When choosing fabrics for quilting, you know that each kind of fabric gives a certain feel to a project. Soft and cuddly with a great weight, minky fabric is often used in quilted baby blanket designs, quilt backs and quilted stuffed animals. But did you know that it’s not just for kids? We love seeing the luxe fabric incorporated into wearables or home decor or paired with cotton-fabrics for a sophisticated look.
Quilting with minky fabric is not that difficult, but it does help to follow some basic tips and tricks! Here are some of our favorites:
Photo via Lindsay Conner; Shannon Fabrics at Quilt Market
Cutting minky fabrics
If you’re using minky fabric for a patchwork project, check the nap and grain of your fabric before cutting to make sure it all goes in the same direction. When quilting with minky fabrics, expect to get a bit of shedding while you cut. You can place just-cut Cuddle and a damp washcloth in the dryer on low heat for 10 minutes to help. Otherwise, keep a vacuum cleaner nearby. Move your rotary cutter, mat and ruler over to a hard surface, such as a table or wood floor, which can be easily wiped up after cutting. Once this initial shedding is over, Cuddle fabric won’t fray.
[box type=”shadow”]Tip: Shannon Fabrics provides many free quilt patterns for sewing with Cuddle. [/box]
Photo via Bettina Danger
Batting or no?
Quilter Bettina made a Thomas the Tank Engine quilt for a little girl in her family and chose a free-motion railroad tracks quilting design. She chose to include batting between the quilt top and minky back, which she says turned out extra snuggly for winter. Although any battings will work with minky, some quilters suggest using Warm & Natural and Warm Bond from the Warm Company and Bamboo batting from Winline Textile Products.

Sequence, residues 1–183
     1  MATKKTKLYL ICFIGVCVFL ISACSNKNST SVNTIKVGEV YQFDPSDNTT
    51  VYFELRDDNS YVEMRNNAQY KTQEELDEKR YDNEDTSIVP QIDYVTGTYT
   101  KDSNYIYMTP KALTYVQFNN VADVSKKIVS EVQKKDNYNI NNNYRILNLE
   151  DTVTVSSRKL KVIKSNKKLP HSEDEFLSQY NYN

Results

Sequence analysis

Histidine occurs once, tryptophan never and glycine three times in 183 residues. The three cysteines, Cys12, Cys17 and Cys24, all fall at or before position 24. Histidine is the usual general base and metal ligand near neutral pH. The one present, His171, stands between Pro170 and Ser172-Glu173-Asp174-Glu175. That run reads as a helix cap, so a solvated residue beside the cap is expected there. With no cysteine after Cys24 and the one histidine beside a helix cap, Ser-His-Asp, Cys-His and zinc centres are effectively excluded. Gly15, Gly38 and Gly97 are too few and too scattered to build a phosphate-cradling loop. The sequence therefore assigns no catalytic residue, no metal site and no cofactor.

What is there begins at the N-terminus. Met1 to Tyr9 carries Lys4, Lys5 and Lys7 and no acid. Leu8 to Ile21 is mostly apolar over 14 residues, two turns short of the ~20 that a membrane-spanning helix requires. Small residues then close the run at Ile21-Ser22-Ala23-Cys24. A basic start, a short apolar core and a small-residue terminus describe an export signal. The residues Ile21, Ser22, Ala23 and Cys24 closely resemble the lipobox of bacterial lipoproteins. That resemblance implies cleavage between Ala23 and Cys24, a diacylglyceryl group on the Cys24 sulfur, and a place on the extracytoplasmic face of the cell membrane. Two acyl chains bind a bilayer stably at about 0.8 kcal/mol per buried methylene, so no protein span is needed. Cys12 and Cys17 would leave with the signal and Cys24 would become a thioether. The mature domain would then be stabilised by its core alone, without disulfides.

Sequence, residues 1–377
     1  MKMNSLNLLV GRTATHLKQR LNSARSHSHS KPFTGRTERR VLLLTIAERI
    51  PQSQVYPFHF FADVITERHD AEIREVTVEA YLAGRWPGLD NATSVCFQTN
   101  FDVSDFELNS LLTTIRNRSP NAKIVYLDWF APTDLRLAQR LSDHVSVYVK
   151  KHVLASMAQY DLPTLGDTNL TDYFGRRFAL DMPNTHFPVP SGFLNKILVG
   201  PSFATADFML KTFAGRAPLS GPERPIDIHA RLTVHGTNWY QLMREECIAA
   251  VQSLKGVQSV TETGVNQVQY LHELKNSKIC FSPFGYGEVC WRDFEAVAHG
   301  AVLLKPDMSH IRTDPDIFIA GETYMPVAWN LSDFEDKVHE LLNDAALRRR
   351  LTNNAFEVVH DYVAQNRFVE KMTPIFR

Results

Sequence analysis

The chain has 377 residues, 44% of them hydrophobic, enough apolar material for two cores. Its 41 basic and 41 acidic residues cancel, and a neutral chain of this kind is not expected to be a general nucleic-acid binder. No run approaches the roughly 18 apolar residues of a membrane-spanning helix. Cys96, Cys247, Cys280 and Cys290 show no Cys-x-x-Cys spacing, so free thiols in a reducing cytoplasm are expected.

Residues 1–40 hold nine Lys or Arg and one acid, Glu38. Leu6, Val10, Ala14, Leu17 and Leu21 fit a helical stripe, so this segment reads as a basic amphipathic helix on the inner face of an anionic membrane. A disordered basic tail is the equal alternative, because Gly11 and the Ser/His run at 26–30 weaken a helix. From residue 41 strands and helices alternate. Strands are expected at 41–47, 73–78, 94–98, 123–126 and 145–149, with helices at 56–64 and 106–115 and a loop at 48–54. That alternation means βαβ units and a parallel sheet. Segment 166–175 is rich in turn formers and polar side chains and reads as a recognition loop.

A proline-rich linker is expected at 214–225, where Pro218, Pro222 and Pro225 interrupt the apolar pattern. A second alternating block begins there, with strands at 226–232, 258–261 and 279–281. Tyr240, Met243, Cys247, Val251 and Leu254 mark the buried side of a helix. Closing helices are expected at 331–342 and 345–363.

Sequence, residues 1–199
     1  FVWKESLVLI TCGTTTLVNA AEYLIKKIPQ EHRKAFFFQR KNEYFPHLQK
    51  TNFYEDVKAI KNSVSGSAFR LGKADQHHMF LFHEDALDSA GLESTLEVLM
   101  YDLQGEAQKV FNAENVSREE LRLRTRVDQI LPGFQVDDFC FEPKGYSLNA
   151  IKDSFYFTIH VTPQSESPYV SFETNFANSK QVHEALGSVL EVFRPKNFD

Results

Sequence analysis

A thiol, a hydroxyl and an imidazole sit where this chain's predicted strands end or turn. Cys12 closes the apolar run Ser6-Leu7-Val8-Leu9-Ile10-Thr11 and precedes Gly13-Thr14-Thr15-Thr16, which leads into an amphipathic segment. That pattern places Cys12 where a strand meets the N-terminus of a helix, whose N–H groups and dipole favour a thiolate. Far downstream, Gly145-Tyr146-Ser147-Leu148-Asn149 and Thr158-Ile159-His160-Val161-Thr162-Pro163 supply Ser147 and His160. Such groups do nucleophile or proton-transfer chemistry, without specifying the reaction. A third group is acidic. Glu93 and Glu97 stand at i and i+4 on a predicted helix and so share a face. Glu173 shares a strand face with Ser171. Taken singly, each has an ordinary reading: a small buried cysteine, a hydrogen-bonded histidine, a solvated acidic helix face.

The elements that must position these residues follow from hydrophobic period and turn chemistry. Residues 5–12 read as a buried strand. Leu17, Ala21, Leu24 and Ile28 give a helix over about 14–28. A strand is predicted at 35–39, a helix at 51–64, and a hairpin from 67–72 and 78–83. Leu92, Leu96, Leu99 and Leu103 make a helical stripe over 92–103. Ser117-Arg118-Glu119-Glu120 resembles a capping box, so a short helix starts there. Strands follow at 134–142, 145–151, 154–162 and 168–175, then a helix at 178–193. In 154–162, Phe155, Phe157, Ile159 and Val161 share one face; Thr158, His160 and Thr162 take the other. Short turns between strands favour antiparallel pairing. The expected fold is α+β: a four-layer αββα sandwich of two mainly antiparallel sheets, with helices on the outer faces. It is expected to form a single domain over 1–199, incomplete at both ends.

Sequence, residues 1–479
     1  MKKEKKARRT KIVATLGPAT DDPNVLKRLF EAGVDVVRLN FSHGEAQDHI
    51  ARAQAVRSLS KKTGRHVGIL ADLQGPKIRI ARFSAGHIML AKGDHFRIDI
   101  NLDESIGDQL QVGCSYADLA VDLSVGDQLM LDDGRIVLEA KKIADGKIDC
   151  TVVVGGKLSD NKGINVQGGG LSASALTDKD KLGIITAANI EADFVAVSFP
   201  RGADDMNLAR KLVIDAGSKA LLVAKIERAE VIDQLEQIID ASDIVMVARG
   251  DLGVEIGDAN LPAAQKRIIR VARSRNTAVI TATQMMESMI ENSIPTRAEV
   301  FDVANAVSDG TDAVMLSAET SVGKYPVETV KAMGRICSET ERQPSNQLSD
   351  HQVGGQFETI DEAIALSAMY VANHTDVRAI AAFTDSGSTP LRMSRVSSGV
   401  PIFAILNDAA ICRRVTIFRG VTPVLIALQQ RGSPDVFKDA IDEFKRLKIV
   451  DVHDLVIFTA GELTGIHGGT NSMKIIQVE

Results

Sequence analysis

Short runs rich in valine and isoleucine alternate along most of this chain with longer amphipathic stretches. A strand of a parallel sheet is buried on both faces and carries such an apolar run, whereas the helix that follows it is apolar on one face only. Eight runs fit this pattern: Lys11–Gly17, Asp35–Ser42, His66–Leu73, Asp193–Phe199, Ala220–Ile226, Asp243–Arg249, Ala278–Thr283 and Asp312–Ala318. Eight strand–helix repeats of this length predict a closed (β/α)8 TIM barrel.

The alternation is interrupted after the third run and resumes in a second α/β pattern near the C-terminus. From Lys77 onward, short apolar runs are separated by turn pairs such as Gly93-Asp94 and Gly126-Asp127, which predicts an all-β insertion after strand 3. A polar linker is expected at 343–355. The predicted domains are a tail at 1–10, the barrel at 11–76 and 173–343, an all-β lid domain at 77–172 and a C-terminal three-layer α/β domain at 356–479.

[box type=”shadow”]Tip: Although you can make minky-style quilts without batting, Angela Walters recommends adding it in for more structure and weight to the quilts, especially larger projects. But if you’re making a smaller quilt, you can also choose to leave it out, since the fabric is naturally thick.[/box]
Photo via Cut. Sew. Press. Love.
Straight-line quilting with minky
If you are just getting started quilting with minky, it’s not a bad idea to skip the free-motion quilting and try straight lines. This beautiful patchwork baby quilt by Melissa is backed in white minky fabric with raised dots. She says the quilting was not as difficult as she would have expected!
[box type=”shadow”]Tip: Use a walking foot for straight-line quilting and a size 90/14 ballpoint (stretch) needle for piecing. Lengthen the stitch length to 3mm or 3.5mm.[/box]
Photo via Shannon Fabrics
Free-motion quilting with minky
Bluprint instructor and longarm quilter Angela Walters shares some basics for quilting with Shannon Cuddle ™ fabric. She suggests that you keep your free-motion quilting designs a bit larger in scale, to help keep your quilt soft and without any tucks. The large swirls pictured are a good option.
[box type=”shadow”]Tip: If you’re quilting with minky on a longarm quilting machine, make sure that the selvages run perpendicular to the leaders.[/box]
Photo via Craft Sew Create
Finishing the quilt
Ellie had fun making up these minky-backed quilts for twins for some new arrivals in her family. The quilt fronts are a patchwork chevron design pieced from cotton fabrics. She used free-motion swirls and hearts on the pink quilt. To keep the blue quilt more masculine, she used straight-line quilting to echo the patchwork design.
[box type=”shadow”]Tip: Spray basting is a great way to hold batting, backing and a quilt top together when quilting with minky.[/box]
Master basic quilting techniques, from choosing fabrics and a design to adding sashing and borders and basting your quilt, in the FREE mini-class Piece, Patch, Quilt: Basic Quiltmaking Techniques with Gail Kessler.
Come back to the Bluprint blog tomorrow for a roundup of mini charm pack quilting projects to try.